WordPress Page Custom Css

This plugin is a simple way to apply CSS stylesheets to your WordPress pages. It allows you to specify multiple CSS files that will be alternately loaded and applied (in order of definition) to each page, allowing you to keep your primary CSS file small and more manageable, while still having all pages styled according to secondary CSS files. The plugin also allows you to disable pagination on individual pages, which can be useful if you want to prevent the sidebar from appearing on certain pages (for example, if these pages are just archive lists of links).

This is a very cool plugin for WordPress. It allows you to easily use a custom style sheet for any page in your site. Simply add an option in the Page Attributes box (under edit page) to apply a custom css file. Now, when you look at your page, all of the css will be applied to that page, not affecting other pages on your blog. This is great because if one of your styles isn’t working correctly in someone else’s browsers, you can simply remove it from your custom css file for that page and it won’t affect the rest of your site. Neat!

Where to add CSS in WordPress

While you can add CSS directly to your WordPress theme’s style sheet, we don’t recommend this method because it’s easy to make mistakes and any changes you make will get overwritten when you update your theme (unless you use a child theme).

Fortunately, there’s an easier solution. To add CSS to WordPress, you just need to:

  • Navigate to Appearance > Customize in your WordPress dashboard to open the WordPress Customizer
  • Select the Additional CSS option from the menu on the left in the WordPress Customizer interface:
The CSS section in the WordPress Customizer.

The (currently) empty editor in this area enables you to type in lines of CSS code, without having to sort through the existing style sheet. You can add as much CSS here as you want – just include each new snippet on its own line. Plus, you can see your changes take effect in the live preview. That way, you’ll know whether they look right before publishing them to your site.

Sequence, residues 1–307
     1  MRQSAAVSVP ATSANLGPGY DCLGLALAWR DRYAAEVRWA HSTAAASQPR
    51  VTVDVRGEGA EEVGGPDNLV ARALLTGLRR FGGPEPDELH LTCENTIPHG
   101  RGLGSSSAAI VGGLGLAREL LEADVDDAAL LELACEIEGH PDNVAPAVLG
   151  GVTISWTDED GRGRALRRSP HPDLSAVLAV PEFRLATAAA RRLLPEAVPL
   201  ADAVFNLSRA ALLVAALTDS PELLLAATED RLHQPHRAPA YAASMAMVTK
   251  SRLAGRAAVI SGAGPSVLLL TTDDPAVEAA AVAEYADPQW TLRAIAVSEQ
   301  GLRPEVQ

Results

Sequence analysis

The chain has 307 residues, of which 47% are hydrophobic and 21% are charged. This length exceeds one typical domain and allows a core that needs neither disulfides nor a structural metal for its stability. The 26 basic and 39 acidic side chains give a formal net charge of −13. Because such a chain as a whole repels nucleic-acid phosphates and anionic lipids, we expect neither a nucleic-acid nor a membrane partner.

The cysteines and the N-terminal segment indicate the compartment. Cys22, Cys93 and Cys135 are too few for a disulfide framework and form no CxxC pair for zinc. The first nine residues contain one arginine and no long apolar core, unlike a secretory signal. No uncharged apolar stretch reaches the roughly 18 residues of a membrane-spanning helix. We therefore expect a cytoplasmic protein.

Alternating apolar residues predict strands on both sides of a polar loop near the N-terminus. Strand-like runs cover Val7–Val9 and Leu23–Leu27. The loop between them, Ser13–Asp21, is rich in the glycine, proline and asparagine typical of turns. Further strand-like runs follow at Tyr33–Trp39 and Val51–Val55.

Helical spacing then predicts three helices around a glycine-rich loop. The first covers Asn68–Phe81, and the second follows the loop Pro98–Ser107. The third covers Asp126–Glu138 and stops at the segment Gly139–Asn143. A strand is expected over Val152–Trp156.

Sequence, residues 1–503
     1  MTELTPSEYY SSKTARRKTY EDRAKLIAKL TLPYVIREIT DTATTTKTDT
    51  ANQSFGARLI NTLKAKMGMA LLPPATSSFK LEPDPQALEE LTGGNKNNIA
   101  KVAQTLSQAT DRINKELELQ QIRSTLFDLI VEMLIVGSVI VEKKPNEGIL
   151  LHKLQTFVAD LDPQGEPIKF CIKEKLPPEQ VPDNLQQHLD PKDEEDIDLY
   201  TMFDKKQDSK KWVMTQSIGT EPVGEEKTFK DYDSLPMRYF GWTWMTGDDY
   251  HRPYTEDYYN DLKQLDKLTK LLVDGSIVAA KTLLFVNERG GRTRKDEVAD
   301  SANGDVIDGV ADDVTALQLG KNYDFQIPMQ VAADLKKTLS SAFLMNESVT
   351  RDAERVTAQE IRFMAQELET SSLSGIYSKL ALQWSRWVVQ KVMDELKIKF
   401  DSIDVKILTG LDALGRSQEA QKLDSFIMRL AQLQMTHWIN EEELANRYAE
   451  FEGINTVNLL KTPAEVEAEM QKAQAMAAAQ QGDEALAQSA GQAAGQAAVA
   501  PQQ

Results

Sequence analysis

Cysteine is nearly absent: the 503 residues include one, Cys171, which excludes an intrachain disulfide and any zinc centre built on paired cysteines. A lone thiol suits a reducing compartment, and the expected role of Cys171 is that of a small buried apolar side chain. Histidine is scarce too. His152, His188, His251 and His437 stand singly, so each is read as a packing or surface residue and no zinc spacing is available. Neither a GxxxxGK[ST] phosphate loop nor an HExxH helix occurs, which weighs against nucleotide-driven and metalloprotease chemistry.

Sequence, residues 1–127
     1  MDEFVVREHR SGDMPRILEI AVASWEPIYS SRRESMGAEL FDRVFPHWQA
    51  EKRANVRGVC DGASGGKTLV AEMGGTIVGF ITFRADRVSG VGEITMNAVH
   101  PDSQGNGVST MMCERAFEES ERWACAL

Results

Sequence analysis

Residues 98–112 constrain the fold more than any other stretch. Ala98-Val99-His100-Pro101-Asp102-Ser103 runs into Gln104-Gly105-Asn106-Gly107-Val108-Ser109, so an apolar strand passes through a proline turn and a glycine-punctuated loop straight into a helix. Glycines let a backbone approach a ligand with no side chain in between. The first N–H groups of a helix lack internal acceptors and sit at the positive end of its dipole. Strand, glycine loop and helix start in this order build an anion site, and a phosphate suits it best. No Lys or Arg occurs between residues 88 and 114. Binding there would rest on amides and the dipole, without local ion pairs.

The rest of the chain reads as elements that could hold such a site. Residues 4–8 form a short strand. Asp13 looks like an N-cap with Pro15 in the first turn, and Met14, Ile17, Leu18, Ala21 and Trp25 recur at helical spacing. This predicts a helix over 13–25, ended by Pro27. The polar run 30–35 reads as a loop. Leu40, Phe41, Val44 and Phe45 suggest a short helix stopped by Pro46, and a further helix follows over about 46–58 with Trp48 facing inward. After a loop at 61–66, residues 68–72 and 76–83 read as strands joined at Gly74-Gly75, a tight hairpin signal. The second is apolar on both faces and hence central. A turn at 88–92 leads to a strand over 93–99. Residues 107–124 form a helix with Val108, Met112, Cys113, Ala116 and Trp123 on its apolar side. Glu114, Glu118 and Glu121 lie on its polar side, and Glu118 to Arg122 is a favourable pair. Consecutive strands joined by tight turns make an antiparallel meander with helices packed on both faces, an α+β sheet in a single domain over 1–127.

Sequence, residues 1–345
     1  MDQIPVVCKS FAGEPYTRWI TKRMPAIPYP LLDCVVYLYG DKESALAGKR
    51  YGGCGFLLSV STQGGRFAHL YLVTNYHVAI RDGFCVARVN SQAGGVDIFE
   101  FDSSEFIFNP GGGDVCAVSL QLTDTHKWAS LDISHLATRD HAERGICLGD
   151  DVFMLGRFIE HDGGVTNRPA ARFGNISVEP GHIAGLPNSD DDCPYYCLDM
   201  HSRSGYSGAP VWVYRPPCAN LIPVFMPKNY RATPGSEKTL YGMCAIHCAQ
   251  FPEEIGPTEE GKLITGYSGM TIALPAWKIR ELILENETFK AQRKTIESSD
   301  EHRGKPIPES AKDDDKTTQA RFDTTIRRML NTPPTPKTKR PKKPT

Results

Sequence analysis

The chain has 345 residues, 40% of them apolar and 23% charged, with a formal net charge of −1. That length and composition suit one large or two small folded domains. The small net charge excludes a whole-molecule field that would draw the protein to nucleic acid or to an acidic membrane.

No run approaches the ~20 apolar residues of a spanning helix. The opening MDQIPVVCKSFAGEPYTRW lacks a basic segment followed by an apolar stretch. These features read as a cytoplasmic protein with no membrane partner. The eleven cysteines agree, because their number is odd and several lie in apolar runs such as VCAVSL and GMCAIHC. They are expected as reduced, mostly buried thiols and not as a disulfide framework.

Additionally, this editor will help you “validate” your CSS, which is a fancy way of saying that it will warn you if you make any obvious mistakes.

If you’re getting curious about what kinds of CSS tweaks you can make here, don’t worry. Stay on this page in your dashboard, and we’ll explore a few ways to start customizing your site’s appearance with CSS.

Applying styling using the unique page class

In the video above I showed you how to find the specific page-id class using our WordPress Websites page as an example, which you need to use custom CSS for specific pages on WordPress

In the video it appears that the page-id class for this page is:


So how would I apply styles to this particular page?

In the same way that I’d apply styling normally, using the page-id-class as my ‘element’ or ‘target’.

For instance, if I wanted to make the title on that page monstrously large, I would use the below CSS:

.page-id-2211 .vcex-heading-inner.clr{ font-size: 100px; }

Monster title didn’t look great surprisingly.

Adding Custom CSS Using Theme Customizer

Since WordPress 4.7, users can now add custom CSS directly from the WordPress admin area. This is super-easy, and you would be able to see your changes with a live preview instantly.

First, you need to head over to the Themes » Customize page.

Launching the theme customizer

This will launch the WordPress theme customizer interface.

You will see your site’s live preview with a bunch of options on the left pane. Click on the Additional CSS tab from the left pane.

Additional CSS option in WordPress theme customizer

The tab will slide to show you a simple box where you can add your custom CSS. As soon as you add a valid CSS rule, you will be able to see it applied on your website’s live preview pane.

Adding custom CSS with live preview

You can continue adding custom CSS code, until you are satisfied with how it looks on your site.

Don’t forget to click on the ‘Save & Publish’ button on the top when you are finished.

Save your custom CSS changes

Note: Any custom CSS that you add using theme customizer is only available with that particular theme. If you would like to use it with other themes, then you will need to copy and paste it to your new theme using the same method.

How to start customizing your WordPress site with CSS

As we mentioned earlier, you can change just about any aspect of your site’s appearance using CSS in WordPress. The sky truly is the limit here. For now, however, we’ll keep things simple, and look at some basic CSS tweaks you can make.